Last week, Argentinian icon Manu Ginobili – the most decorated Latino baloncesista in NBA history – announced that he would return for another campaign with the San Antonio Spurs. His announcement came after an excess of riches for the Spurs during the league’s July free-agent bonanza, which saw fellow All-Stars LaMarcus Aldridge and David West agree to join Ginobili in San Antonio, along with returning starters Tim Duncan, Kawhi Leonard, and Danny Green.
Manu broke the news via twitter and elaborated on his decision in a column written for Argentina’s largest newspaper, La Nacion.
“The fire is still burning,” wrote Ginobili. “I want to enjoy it. I want to live it. That’s all we have in life. I don’t want to miss it. Now, with all those new talents that we incorporated, these players that can change the game while keeping our traditions at the same time, I know we can still achieve a lot.”
Manu’s fire has fueled him through fifteen seasons of professional basketball, capturing four NBA titles with the Spurs, and a Euroleague crown with Kinder Bologna. He is only the second player, along with former U.S. Senator Bill Bradley, to pair his championship rings with an Olympic gold medal.
During his prime with the Spurs, Ginobili exhibited a reckless determination on the hardwood that selflessly complemented the games of Tim Duncan and Tony Parker, winning over fans from South Texas to South America. In San Antonio, he is perhaps the most beloved Spur, memorably addressing championship parade crowds in his native tongue to the loudest ovations.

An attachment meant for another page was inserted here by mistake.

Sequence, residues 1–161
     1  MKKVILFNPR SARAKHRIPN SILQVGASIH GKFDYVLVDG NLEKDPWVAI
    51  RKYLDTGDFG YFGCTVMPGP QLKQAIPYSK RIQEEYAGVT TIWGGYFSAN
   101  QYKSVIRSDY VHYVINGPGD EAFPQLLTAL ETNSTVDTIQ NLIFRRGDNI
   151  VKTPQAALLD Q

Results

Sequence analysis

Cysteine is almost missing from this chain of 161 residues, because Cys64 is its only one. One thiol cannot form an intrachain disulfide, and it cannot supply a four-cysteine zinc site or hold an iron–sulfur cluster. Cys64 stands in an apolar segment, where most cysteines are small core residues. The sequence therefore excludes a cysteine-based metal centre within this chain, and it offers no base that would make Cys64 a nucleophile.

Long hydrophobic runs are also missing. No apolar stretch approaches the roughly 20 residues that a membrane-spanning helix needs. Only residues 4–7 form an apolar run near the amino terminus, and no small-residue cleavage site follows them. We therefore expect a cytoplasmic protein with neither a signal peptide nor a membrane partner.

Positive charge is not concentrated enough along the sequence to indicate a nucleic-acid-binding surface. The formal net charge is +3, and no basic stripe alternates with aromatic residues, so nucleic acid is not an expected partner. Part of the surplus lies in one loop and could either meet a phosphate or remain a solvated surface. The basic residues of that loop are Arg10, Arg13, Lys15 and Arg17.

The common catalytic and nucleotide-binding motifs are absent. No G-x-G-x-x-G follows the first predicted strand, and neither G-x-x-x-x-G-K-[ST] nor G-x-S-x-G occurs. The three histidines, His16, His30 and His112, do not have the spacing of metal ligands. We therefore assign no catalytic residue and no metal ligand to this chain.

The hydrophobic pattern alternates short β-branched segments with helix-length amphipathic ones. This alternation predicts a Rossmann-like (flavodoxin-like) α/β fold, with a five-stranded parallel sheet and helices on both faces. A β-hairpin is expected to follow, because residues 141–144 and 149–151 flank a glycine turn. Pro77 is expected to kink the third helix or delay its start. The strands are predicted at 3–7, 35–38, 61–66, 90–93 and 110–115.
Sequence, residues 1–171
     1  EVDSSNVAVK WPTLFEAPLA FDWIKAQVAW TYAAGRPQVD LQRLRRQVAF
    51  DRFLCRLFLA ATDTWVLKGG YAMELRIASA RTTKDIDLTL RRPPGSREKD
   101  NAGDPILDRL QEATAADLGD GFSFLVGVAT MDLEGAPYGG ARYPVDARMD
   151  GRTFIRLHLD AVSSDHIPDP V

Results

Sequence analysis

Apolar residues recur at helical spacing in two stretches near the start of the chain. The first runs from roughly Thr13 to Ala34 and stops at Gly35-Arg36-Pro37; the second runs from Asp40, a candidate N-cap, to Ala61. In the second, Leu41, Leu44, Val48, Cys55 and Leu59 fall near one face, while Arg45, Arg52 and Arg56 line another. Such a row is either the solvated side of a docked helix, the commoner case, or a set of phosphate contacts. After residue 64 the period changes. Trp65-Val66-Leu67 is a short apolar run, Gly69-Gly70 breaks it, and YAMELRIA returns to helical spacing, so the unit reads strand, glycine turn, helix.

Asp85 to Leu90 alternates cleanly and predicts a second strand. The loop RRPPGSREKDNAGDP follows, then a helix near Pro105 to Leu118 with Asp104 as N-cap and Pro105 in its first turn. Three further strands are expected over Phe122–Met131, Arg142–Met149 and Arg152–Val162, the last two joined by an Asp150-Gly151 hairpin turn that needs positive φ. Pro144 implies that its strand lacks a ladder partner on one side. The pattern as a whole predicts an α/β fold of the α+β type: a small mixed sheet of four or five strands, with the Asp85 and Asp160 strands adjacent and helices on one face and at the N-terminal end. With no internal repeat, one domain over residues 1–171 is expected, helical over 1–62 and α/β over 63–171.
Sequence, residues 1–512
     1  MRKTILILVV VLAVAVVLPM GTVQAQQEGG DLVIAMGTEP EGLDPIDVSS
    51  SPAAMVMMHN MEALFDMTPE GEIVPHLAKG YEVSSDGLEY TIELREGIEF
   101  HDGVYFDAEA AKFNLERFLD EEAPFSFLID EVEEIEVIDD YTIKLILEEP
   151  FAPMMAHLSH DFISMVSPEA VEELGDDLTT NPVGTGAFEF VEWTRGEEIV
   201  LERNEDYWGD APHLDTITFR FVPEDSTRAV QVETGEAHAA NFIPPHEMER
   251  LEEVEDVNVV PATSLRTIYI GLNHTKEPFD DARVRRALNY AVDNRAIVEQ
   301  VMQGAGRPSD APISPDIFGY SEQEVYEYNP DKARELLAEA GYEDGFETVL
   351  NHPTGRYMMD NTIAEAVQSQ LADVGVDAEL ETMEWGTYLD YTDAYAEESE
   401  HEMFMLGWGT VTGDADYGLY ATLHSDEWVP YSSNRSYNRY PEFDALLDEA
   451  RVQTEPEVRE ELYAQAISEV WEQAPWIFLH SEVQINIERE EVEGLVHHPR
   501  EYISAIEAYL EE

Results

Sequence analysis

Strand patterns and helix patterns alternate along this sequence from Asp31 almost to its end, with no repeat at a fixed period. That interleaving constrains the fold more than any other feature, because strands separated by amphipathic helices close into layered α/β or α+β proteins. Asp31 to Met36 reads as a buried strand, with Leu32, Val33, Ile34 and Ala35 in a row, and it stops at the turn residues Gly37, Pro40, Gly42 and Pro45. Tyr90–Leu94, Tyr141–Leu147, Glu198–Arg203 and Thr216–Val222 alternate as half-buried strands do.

“The older you get, the more you know about the time you have left,” Ginobili wrote. “I know I want to have fun, to treasure those moments, and at the same time, I want to win. If you win, you have more fun. That’s my mind. Soon I will be 38, and I know every new season can be my last one. I know I don’t have much longer, but I don’t think about that when I play.”
Ginobili hinted in his column that yet another season in San Antonio is still a future possibility, albeit far fetched. His latest contract with the Spurs is reportedly for $5.7 million over two years, with a player’s option for the second year. Although his impact on the court has seemingly diminished with age, Ginobili’s competitive drive, deft passing, and unique ability to make plays will surely benefit the Spurs as they seek a return to the NBA Finals.
“I feel flattered that people are happy to know that I will continue playing,” revealed Manu in La Nacion. “It helps me find new challenges. You don’t want to disappoint anyone. Because all that also implies a responsibility, even if it’s not your priority. I want to do things right.”